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Rays owner: No stadium talks on our part

PORT CHARLOTTE — Principal owner Stuart Sternberg says he knows no more about any ongoing discussions to build the Tampa Bay Rays a new stadium than anyone else following recent media reports.

Sternberg said Friday he and the team were "not involved" in any of the current talks and "haven't talked to anybody."

Having tried — and failed miserably — to get a new stadium on the downtown St. Petersburg waterfront two years ago (and creating what he termed "a lot of discord in the community"), they'll wait and watch for now, he said as the team opened spring training. "When something is proposed, and there are some concepts out there and people want to move the ball forward, I'll be involved."

And then, he said, the final decision will not be the Rays' alone, but made "in concert with business leaders, community leaders and everybody else."

With St. Petersburg officials on the legal lookout after recent reports of interest from Hillsborough County parties, Sternberg's comments are sure to be watched closely.

"We have a stadium, we play in it, we've spent a ton of money putting it into the shape it's in right now, and we're enjoying our stay here and we'll let everybody else figure out what needs to be done," Sternberg said.

Asked if Hillsborough was the right choice for a new home, he replied: "We'll let everybody else figure that out."

And while he said the team is in St. Petersburg and "isn't going anywhere," he did reiterate the need for a new home — "the sooner the better" — and said of Tropicana Field: "I stated since the very first day I came in to anybody who asked, and I was asked quite often, we're not going to be there through 2027 (when the lease expires). It just can't happen. Baseball won't allow it. Our partners in baseball, the other teams, won't allow it. And it's just not the right thing for our organization and, quite frankly, it's not the right thing for the population."

He did acknowledge the conversations could be beneficial: "We're playing where we're playing, and the more talk and chatter about trying to make this team successful, the better."

Also Friday, a group seeking to drum up support for a Rays stadium in Tampa praised a separate group's study that listed downtown among the top options. has been collecting signatures for months to show support for a downtown Tampa stadium. Its statement about last month's report from the ABC Coalition, a group of business leaders formed to recommend options for the Rays' future, complimented the effort to frame the debate as a regional discussion.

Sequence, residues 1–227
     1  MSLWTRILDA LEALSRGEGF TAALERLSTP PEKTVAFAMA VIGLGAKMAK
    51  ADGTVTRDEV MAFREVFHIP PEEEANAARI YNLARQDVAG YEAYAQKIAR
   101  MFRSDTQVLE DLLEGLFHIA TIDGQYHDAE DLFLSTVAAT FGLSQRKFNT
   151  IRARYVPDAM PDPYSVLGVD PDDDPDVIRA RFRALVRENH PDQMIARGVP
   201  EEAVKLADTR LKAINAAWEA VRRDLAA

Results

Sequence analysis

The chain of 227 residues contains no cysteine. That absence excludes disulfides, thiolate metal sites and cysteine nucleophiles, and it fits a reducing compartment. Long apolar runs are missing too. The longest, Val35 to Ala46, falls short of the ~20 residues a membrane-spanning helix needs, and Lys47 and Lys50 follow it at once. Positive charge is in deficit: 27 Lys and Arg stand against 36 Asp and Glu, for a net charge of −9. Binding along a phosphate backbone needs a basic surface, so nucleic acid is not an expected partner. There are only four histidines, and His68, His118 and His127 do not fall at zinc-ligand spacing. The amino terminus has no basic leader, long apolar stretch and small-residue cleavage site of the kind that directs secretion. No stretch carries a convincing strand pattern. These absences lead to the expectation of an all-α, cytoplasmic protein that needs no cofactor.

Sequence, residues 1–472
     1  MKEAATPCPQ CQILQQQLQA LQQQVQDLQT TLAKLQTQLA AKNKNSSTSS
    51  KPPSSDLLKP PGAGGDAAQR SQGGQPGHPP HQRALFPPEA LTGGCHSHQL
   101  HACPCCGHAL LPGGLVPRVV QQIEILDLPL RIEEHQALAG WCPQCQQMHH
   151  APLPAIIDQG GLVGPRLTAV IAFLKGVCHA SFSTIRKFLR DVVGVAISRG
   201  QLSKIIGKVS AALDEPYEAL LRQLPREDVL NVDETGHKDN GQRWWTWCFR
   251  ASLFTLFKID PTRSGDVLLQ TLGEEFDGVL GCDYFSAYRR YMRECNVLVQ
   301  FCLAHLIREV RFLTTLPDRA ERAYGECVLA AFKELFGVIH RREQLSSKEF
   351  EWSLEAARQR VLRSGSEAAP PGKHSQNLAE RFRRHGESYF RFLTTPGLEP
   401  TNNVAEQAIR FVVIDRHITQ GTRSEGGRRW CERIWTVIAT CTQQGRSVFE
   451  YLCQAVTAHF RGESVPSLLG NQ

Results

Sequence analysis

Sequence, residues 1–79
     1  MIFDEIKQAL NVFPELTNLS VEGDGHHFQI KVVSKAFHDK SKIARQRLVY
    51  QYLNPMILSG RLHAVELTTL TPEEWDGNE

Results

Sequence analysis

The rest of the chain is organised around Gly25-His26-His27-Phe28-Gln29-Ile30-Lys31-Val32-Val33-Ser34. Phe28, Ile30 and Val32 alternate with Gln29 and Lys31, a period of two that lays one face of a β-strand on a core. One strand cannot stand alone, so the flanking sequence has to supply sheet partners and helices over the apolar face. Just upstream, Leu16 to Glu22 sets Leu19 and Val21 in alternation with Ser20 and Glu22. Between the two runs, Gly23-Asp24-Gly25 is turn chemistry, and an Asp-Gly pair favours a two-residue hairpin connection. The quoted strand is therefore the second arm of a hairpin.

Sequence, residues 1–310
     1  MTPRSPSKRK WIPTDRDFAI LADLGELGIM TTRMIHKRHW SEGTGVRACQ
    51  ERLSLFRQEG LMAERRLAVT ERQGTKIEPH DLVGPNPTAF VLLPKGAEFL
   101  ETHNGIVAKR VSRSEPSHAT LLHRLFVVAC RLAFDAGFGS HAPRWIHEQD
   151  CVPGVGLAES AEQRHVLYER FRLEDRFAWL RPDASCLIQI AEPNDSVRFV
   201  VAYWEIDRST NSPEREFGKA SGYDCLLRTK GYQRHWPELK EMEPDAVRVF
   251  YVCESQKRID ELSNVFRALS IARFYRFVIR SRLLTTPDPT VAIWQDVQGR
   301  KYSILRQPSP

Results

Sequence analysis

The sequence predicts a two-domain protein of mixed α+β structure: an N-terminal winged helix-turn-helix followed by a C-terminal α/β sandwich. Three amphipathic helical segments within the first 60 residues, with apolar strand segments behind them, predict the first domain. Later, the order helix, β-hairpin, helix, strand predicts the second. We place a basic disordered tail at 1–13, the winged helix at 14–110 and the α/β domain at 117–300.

"Regardless of where this stadium is ultimately constructed, it is important that those of us from Sarasota to Brooksville and all points in between engage in constructive conversations about what is best for our team and our region," the pro-downtown group said in a statement.

It went on to make the case for why a downtown Tampa location works best among five options the ABC Coalition report recommends. is not affiliated with Claire Clements, the Tampa developer who this week confirmed she created a conceptual plan for a new stadium downtown. But the group did react to some of the public dialogue that has resulted from that news, particularly the veiled threats of a lawsuit from the attorney for St. Petersburg, which has a contract with the Rays through 2027.

"Although government will be an important partner as this initiative progresses, we believe the Bay Area's corporate community needs to be the driving force behind a new stadium," it reads. "In the interest of open discussion, we ask all parties involved to refrain from threats of litigation or other punitive measures."

Times staff writer Bill Varian contributed to this report. Marc Topkin can be reached at

Rays owner: No stadium talks on our part 02/19/10 [Last modified: Friday, February 19, 2010 11:17pm]
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